Pi Day lessons & activity ideas : Fizzics Education


Pi Day lessons & activity ideas

Pi Day lessons & activity ideas

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Pi Day – What’s this all about?

It’s a celebration all about Pi! Pi – represented by the symbol π – is one of the most widely recognised mathematical constants. The circumference of a circle equals π x the diameter. Pi is an irrational number, meaning it can’t be represented by a simple fraction. The decimals of Pi keep on going forever without repeating.

But wait… there are actually two Pi days! March 14th and July 22nd. Why? Well, this has got to do with how people in different countries write their dates. In some countries, the date is written MM/DD/YY whereas in others the date is written DD/MM/YY. As Pi is often rounded off to 3.14, many countries celebrate Pi Day on March 14 as this is shown as 3.14 on their calendar. For other countries, they use July 22 as Pi Approximation Day because the fraction 22/7 closely approximates Pi! (355/113 is even closer, but makes no sense as a date on the calendar.)

Mug of Pi
Mug of Pi on Sale!

Activities and lessons for Pi day

  • See who can recite the most number of digits of Pi. The following song might help you with the first hundred digits of Pi!

If you need the raw digits, here are the first hundred digits of Pi (check out a million digits of Pi here!) 3.1415926535897932384626433832795028841971693993751058209749445923078164062862089986280348253421170679

  • Get your school to apply to the Guinness Book of Records to create the longest human representation of Pi!Longest human representation of Pi in 2018 on March 14 in Poland
    Longest human representation of Pi in 2018 on March 14 in Poland … 627 people!
    Source: Guinness Book of Records
  • Learn how to calculate Pi
  • Give your class pie! If you have the facilities, this is a great chance for them to make pie themselves.
    Before they eat the pie, they have to calculate the area of pie they are about to eat. You could even give the pie as a prize for knowing the most digits of Pi. You could also sell each slice for $3.14 to raise money for mathematics supplies. The area of a circle =πr2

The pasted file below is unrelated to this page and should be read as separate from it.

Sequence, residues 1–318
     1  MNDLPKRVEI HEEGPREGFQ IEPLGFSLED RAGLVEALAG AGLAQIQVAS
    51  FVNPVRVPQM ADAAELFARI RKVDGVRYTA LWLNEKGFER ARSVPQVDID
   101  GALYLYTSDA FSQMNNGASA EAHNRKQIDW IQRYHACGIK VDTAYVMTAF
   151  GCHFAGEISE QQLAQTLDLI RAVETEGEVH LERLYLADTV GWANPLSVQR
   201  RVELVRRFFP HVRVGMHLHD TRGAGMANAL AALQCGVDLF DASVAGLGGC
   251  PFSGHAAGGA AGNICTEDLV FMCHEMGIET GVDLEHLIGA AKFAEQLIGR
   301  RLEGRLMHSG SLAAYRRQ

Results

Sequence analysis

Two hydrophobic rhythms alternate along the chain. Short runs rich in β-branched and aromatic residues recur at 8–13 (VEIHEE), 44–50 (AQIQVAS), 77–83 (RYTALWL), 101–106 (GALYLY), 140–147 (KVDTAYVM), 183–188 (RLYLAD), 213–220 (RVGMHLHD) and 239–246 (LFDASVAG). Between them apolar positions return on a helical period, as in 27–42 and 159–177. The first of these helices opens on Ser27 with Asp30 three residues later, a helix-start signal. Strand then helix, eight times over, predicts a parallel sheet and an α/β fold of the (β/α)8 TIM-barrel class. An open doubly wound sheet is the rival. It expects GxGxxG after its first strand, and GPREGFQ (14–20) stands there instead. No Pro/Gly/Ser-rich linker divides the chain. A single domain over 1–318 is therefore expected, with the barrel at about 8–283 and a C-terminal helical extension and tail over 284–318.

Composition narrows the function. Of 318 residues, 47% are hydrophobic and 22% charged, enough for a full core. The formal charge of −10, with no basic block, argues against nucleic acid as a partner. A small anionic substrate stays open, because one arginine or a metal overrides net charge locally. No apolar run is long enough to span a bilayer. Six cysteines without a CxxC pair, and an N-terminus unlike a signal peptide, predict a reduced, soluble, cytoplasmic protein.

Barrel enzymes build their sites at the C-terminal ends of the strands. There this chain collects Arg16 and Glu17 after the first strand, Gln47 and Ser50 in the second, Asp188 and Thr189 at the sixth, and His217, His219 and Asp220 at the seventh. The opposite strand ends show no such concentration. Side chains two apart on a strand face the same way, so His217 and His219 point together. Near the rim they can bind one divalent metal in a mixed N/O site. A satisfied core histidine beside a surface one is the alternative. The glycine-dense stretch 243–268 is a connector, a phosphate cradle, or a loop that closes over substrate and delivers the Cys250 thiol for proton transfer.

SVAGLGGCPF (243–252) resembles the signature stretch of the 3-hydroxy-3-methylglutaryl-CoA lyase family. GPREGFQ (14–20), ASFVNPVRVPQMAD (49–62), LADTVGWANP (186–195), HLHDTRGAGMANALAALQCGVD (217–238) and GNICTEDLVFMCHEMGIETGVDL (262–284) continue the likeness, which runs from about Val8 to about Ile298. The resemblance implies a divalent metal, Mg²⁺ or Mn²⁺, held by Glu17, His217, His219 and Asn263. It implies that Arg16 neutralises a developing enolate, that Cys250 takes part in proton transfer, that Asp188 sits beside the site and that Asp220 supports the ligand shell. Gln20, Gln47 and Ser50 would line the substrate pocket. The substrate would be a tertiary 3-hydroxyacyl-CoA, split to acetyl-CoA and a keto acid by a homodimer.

• Make an anemometer and then work out the circumference that the cups travel.The circumference of a circle =2πr. From there you can then calculate wind speed as you now know the distance that the cups travel every revolution.Working mathematically school maths visit tile showing a ruler being placed over an anemometer
    Find out about the Working Mathematically school maths incursion
  • Read the book Sir Cumference and the Dragon of Pi: A Math Adventure
    Sir cumference and the dragon of pi
  • Write Pi-ku poems!
    A bit like Haiku poems, only this time the pattern is:
    First line: three syllables
    Second line: one syllable
    Third line: four syllables
  • Hunt your school grounds for circles!
  • Make a Pi chain! This is really a code, whereby you link different coloured bits of paper together that each represent a different number. There are schools around the world that have linked more than 70,000 chain links! Check out the video below
  • Make a chain of beads with each colour representing a number. You could also take this to a whole new level with UV beads!
  • Similar to above, you could have student decorate a paper plate with one numeral each and have them stand in a massive circle around your school hall.
  • Create Pi themed Tshirts and have a school fashion parade sponsored by Pi.
  • Combine music and mathematics by making a Pi symphony! Each number could be a clap, a click, a stamp of the foot or whichever you choose. How many digits can they repeat?
  • What is the area of grass covered by a rotating sprinkler?
  • How much further is the outside lane in on an athletic track compared to inside lane?
  • Stand shoulder to shoulder and march in a circle. How much farther does the outside person have to travel?
  • How many words can you list that start with letters Pi?

There are many ways you can celebrate Pi with your students. Let us know some of the fun ways you’ve taught about Pi in your classroom in the comments below!

Happy teaching,

Ben Newsome
Ben Newsome

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